This pandemic is not over – and nor is the economic hardship that millions of Australian workers are facing as 2021 draws to a close.
Scott Morrison’s decision to tether the removal of disaster payments for affected workers to when a jurisdiction reaches 80% of eligible people being fully vaccinated is certain to leave many who remain out of work without the support they urgently need.
ACTU Secretary Sally McManus is deeply concerned about the impact of withdrawing the disaster payments, particularly for those workers in sectors such as accommodation and hospitality, both of which have been smashed by the pandemic.
“Almost one in four of the hospitality and accommodation jobs that existed before the pandemic were lost by mid-September. These industries continue to be the hardest hit by necessary lockdowns. Workers need financial supports from the Morrison Government as many sectors will not be back to full employment well into 2022,” Ms. McManus said.
Alison Pennington is Senior Economist at the Centre for Future Work at the independent think tank The Australia Institute. She told On the Job that withdrawing disaster payments at this critical juncture was appalling timing.
“Arguably, this is the most critical time to have disaster payments in place, while things are opening up and people are going back to shop.”
“The key point is that there are industries that are far from being able to return to anything like pre pandemic conditions. There are 1.7 million people on the payments across New South Wales, Victoria, and the ACT, which are the states that are either in restrictions or just emerging from them. Many of those workers have very diminished reemployment prospects and so they will plunge into the below poverty rate of the JobSeeker payment, which is the only option for them,” Ms. Pennington said.
McManus is also wary of the road ahead for workers if communities are once again overwhelmed by further surges in infection rates that might see restrictions reinstated.
“The national roadmap anticipates further restriction being necessary if cases climb. The decision to axe disaster payments in these conditions is reckless and will continue to condemn workers into poverty right as the economy needs them with money in their pockets to fuel the recovery.”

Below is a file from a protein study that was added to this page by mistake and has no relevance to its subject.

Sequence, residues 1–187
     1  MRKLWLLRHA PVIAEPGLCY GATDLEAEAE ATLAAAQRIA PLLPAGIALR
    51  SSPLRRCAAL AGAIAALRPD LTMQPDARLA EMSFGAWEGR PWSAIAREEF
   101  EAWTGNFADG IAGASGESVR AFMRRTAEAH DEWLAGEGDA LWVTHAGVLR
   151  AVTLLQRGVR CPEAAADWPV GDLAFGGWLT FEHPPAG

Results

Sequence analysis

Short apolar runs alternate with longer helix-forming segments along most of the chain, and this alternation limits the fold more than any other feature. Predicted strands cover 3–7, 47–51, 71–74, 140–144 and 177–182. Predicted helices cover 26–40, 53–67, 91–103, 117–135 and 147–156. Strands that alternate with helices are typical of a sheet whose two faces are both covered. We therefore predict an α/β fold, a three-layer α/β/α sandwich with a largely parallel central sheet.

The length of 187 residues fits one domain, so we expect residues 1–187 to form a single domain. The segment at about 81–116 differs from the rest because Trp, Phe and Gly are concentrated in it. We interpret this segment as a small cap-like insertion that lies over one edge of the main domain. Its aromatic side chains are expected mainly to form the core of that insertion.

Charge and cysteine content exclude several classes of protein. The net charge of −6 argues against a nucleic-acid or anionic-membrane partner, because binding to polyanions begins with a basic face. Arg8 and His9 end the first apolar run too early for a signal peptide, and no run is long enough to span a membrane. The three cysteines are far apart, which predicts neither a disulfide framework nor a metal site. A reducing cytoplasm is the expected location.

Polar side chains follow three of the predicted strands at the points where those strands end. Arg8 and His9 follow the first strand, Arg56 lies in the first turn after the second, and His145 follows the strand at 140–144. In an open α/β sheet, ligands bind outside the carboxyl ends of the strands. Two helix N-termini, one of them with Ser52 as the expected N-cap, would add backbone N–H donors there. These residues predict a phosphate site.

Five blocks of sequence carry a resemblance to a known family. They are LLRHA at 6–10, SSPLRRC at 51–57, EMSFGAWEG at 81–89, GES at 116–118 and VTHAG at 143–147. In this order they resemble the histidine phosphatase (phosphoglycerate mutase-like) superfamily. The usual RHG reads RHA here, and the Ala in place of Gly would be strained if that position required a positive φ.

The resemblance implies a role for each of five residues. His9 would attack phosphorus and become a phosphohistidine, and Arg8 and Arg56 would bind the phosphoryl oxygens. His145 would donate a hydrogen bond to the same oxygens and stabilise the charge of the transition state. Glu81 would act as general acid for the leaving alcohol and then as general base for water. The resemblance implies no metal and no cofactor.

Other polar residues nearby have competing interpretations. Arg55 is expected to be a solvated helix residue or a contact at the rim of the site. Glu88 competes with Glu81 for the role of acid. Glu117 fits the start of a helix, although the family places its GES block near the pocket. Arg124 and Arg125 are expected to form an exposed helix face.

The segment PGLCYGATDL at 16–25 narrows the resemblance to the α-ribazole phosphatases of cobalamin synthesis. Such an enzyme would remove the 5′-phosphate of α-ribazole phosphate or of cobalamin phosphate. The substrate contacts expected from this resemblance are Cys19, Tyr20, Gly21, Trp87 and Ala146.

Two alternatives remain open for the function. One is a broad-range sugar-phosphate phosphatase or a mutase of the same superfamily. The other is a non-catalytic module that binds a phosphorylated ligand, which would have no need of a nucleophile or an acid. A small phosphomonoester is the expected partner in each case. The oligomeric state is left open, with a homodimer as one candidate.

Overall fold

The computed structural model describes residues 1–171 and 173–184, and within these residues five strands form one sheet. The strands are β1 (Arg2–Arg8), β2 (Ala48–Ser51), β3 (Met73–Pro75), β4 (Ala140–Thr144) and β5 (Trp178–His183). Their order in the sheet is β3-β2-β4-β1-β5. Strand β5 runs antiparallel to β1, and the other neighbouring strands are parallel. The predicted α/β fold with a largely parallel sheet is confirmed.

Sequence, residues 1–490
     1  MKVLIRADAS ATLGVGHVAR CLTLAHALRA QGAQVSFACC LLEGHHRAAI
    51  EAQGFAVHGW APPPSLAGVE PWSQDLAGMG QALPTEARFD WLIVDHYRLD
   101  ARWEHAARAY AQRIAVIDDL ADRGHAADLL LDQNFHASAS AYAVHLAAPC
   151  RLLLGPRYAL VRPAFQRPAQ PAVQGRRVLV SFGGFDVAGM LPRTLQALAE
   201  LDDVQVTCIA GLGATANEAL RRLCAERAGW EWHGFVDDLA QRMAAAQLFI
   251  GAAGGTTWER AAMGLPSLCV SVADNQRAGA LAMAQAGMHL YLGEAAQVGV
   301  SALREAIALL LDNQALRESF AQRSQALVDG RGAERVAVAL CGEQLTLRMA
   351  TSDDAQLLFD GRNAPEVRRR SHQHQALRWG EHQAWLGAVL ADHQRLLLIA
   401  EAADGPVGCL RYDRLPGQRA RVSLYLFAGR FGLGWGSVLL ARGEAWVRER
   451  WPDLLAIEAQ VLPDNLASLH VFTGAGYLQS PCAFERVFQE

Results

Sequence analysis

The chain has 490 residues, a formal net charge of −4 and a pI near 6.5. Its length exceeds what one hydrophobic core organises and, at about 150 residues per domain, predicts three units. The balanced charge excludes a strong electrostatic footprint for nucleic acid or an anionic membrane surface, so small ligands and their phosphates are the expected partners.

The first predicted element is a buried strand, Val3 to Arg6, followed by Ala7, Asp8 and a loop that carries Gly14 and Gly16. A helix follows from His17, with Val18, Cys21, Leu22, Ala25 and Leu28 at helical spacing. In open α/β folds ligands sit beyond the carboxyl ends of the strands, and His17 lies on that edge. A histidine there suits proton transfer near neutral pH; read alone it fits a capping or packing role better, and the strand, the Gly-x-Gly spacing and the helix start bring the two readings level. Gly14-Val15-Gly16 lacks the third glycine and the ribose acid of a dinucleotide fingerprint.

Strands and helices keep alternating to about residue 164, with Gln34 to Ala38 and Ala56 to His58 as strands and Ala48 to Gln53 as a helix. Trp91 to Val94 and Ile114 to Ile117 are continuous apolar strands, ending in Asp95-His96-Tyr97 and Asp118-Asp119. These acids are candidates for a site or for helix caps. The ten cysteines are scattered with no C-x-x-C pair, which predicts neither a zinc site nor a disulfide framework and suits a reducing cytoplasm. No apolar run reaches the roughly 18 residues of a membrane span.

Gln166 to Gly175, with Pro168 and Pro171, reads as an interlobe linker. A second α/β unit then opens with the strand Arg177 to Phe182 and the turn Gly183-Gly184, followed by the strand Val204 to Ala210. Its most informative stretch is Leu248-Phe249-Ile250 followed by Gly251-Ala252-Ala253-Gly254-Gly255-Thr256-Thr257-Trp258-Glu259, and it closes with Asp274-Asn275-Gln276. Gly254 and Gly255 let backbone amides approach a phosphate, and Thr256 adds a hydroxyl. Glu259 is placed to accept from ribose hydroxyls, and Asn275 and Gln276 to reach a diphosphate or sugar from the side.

Alison Pennington believes that the Morrison government is unfazed about the prospect of Australian workers once again finding themselves trapped in the matrix of precarious work and the gig economy.
With over 30% of the total Australian workforce navigating insecure work without any entitlements such as sick leave, holiday pay and superannuation prior to the COVID19 pandemic, it has become a design feature of the government’s economic strategy.
“All they’re doing is increasing the pool of precarious work and that is good for wage suppression, which is their main game.”
“Making work more insecure was the aim of the government’s industrial relations Omnibus bill which passed in March, which further liberalised casual work.”
“What they would hope is that these 1.7 million people on the disaster payments step into the labor market in a much weaker and more desperate position and more likely to accept whatever wage low wages employers are offering.”
Sally McManus agrees and is concerned about long term implications for those who find themselves without work and stripped of the disaster payments that have kept the wolf from the door during recent months.
“The Morrison Government is repeating its mistakes of 2020 by cutting support payments before jobs and the economy have recovered, and condemning thousands of workers to poverty.”
What will the political implications be for the Morrison Government for withdrawing their support from vulnerable Australians?
Alison Pennington believes that there will be a price to pay at the polls for the government’s obsession with neo-liberal economic ideology.
“At every point when, when JobKeeper was wound back, when supplement payments were wound back and now the disaster payments, the rhetoric has been the same is the same, which is, we can’t afford it. I think Australians are in a better position now to call bullsh*t on that strategy.”
“If anything, the pandemic is making as clear as day the (economic) shock doctrine of the Morrison Government and business lobbyists. Which is, simply, to exploit the crisis to increase the proportion of national income flowing to businesses and to decrease the proportion that flows to workers.”